The Illusion of Democracy: Power and Secrecy

Part 18 of 'Elephants in the room' series

In-depth Report:

In 2003, millions of people protested against the invasion of Iraq. If Britain and the US had genuine democracies, where the views of ordinary people matter, the invasion, slaughter and torture in Iraq would not have happened. Our governments ignored the protests.(1) The decision-makers tend only to take notice of what ordinary people want if it does not interfere with their plans.

Too Much Power Concentrated In The Hands Of A Few Sociopaths 

It has been widely recognised for many years that people can be corrupted by power. For this reason, genuine democracy requires a system of checks and balances so that no person or group has too much power. In theory, both the US and Britain have such a system. Law-makers in the US Congress and the British Parliament, together with the judges in the law courts, are supposed to be independent of top decision-makers (known as the executive). In practice these systems do not work very well. The executive appoints senior people in the judiciary, the police and the prosecution service, so these people are not really independent. The party system in both countries also makes it very difficult for politicians to operate independently from the executive.

Leaders in both countries surround themselves with a small group of advisers, leaving them isolated from the views of the mainstream population. In the UK this is sometimes called the Westminster bubble. Only a small number of people get direct access to information about what are called ‘security’ issues. In both the US and Britain we have small groups of people, such as presidents, prime ministers, their inner circles, together with senior bureaucrats in various government departments, with too much power and only limited ways of reining in that power. The US Congress is now little more than a rubber-stamp, and Parliament in Britain has been described as “God’s Gift To Dictatorship”.(2)

In the US, former President Bush introduced the Patriot and Homeland Security Acts. These created new laws that gave the President almost unlimited powers should he declare an emergency.(3) Presidents Obama and Trump have been no better. Obama’s early record was summarised in 2009 as follows:

“Obama continued with war in Afghanistan, built military bases there, and increased the scale of attacks in Pakistan…He excused torture… and demanded more secret government. He has kept at least 17,000 prisoners beyond the reach of justice. His lawyers won an appeal that ruled Guantanamo Bay prisoners were not ‘persons’, and therefore had no right not to be tortured…The nation’s economy is still being run by the same fraudsters who destroyed it.”(4)

Gradual changes in the UK have given more power to ministers (among the most senior decision-makers) whilst by-passing Parliament, with new laws in 2004(5) and 2006, one of which was nicknamed the ‘abolition of parliament’ bill.(6) When he was Prime Minister, Tony Blair made decisions on invading Iraq, buying more nuclear weapons (Trident), and stealthily privatising parts of the health service without taking any account of public opinion. The recent coronavirus pandemic has given the British and US governments an excuse to introduce even more extreme laws, with the human rights organization Liberty describing them as “the biggest restriction on our freedom in a generation.”(7)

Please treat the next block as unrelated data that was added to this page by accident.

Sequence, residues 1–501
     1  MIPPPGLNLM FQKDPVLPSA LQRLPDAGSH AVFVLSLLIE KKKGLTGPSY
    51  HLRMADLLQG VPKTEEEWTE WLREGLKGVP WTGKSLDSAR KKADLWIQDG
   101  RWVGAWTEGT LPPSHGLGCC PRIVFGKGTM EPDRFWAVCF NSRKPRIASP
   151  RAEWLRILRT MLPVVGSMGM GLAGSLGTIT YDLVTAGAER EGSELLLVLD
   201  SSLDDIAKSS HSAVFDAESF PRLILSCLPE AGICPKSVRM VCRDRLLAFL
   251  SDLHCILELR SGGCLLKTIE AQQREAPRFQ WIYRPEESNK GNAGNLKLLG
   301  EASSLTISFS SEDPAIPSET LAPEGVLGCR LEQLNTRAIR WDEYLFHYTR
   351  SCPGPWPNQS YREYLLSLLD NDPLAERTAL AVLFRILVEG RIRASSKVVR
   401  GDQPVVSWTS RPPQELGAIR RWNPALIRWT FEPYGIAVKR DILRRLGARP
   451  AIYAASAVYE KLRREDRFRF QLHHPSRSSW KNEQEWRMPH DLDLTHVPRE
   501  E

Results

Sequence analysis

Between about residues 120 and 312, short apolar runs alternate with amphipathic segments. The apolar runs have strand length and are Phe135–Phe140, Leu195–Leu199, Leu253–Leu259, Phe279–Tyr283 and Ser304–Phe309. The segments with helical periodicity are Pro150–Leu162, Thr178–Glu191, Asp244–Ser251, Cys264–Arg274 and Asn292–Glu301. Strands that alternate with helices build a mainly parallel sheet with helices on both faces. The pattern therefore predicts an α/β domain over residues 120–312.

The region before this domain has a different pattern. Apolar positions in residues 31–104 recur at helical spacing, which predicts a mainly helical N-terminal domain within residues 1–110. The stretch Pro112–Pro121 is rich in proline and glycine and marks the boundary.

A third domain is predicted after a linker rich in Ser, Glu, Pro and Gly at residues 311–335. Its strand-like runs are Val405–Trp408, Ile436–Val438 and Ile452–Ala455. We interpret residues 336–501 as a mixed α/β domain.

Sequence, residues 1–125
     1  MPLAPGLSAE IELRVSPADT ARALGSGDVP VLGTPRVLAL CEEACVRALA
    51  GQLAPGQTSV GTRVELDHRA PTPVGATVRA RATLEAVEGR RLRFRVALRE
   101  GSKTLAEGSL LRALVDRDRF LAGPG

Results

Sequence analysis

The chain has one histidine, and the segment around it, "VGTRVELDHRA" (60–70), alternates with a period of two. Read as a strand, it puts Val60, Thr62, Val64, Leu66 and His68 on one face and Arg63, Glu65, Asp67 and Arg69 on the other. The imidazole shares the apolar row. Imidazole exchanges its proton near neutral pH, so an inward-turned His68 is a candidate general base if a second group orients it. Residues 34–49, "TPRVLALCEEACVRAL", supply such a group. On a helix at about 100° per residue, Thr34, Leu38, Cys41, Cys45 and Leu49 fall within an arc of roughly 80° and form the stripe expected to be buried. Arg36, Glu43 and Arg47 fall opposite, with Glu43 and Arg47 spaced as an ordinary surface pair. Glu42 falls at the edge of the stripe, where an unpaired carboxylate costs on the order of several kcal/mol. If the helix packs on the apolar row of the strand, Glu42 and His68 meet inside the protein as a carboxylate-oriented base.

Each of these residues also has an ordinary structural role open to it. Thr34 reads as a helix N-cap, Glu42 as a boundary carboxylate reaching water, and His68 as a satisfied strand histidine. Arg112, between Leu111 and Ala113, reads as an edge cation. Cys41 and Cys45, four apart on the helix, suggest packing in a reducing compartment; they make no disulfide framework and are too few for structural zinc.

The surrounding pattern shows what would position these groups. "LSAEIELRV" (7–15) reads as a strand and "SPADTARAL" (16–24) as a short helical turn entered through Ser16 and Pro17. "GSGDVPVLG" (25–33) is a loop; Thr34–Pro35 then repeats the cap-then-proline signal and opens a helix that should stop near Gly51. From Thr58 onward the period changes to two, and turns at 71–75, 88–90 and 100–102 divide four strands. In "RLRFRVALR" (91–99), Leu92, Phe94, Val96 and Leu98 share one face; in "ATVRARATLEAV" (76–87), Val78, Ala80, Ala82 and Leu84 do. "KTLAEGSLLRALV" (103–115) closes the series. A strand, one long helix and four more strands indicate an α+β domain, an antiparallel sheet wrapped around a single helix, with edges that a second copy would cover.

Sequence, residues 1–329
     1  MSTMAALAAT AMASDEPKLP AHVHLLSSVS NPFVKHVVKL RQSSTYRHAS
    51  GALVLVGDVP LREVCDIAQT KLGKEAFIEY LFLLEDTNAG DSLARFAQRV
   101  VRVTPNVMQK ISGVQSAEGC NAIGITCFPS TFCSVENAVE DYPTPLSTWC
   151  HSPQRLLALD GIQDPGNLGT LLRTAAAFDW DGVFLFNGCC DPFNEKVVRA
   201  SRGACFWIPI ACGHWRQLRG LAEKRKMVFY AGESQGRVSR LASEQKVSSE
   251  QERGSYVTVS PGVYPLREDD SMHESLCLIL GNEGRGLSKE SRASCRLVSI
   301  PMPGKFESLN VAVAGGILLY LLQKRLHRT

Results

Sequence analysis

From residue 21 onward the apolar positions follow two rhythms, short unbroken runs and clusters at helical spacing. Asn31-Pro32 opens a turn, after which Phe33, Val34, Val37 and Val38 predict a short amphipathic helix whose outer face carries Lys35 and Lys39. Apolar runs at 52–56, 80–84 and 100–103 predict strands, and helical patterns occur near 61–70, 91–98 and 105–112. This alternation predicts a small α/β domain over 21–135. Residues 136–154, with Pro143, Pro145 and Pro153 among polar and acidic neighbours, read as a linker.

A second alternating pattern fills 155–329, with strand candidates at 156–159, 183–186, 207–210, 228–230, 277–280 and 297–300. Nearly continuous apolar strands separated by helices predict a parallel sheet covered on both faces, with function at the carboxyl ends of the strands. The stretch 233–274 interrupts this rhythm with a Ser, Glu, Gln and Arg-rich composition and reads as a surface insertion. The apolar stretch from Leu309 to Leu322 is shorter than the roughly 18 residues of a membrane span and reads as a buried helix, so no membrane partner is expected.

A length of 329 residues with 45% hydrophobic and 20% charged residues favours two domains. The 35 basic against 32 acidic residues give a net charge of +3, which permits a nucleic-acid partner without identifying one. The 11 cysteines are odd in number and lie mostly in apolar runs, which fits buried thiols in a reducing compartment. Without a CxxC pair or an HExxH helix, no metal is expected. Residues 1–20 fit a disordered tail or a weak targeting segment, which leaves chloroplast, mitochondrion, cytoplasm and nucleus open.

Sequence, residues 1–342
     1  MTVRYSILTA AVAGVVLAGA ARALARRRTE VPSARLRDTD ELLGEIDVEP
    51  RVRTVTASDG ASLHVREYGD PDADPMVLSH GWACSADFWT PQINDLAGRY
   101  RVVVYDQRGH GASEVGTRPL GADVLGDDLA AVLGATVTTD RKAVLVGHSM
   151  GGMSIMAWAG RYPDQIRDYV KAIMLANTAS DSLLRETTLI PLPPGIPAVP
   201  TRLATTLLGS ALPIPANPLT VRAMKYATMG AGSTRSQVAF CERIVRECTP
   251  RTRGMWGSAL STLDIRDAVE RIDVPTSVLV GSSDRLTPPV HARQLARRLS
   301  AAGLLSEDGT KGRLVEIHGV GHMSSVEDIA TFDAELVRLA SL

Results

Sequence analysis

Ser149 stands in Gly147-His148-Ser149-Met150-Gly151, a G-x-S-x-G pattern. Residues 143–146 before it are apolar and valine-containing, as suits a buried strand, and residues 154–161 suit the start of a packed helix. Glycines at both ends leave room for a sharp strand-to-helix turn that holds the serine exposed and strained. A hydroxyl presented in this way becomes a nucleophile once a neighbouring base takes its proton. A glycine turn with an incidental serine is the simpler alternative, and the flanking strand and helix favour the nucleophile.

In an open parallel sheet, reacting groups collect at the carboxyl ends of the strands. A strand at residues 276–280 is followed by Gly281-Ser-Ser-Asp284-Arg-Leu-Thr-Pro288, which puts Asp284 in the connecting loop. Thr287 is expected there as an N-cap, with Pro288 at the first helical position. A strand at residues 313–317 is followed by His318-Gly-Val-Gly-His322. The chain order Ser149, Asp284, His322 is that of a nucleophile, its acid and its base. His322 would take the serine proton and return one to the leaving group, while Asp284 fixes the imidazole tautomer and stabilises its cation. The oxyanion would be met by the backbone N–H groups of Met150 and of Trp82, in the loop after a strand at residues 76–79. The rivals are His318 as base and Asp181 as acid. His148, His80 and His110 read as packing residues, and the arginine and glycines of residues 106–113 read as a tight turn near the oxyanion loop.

The Political System Rewards the Most Insane People 

Tony Blair, Boris Johnson, Donald Trump and Hillary Clinton have all been described as pathological liars or confidence tricksters. They have also been described by psychologists as showing signs of extreme personality disorders, such as psychopathy and narcissism.(8) If a psychologist were to examine our foreign policies, they would conclude that the people who make key foreign policy decisions in the Britain and the US are, literally, insane. Not in the sense of being illogical, but in the sense of being sociopaths – making decisions that lead to the deaths of huge numbers of people overseas, so they can control resources and trade. This is not an exaggeration. If our leaders worked in any other job and they wanted to destroy multiple countries and kill people, they would be sent to a psychiatrist. If the psychiatrist believed they might act upon their beliefs, they would be locked up in order to protect others. We have psychological screening for some jobs, such as the police, but there is no screening of that type for world leaders.

Lack of Accountability 

Governments pretend to take accountability seriously by holding occasional inquiries into government conduct, but the important inquiries in both Britain and the US in recent years have been smokescreens to protect important people. The US commission report into the terrorist attacks of September 11th, 2001, and the Hutton inquiry in Britain regarding topics related to the Iraq war both deliberately ignored some of the key issues that should have been investigated.(9) A 2019 inquiry into the counter-terrorism strategy known as ‘Prevent’ was labeled a whitewash after the man appointed to lead it described it as “completely unnecessary”.(10) When the UK Serious Fraud Office tried to investigate corruption during weapons sales from British Aerospace (BAe) to Saudi Arabia, the British government stopped the investigation as it did not want its former crimes to come to light.(11) It also turned out that the Labour party held shares in BAe, which is a clear conflict of interest, as their wealth would be affected by an enquiry into BAe.(12)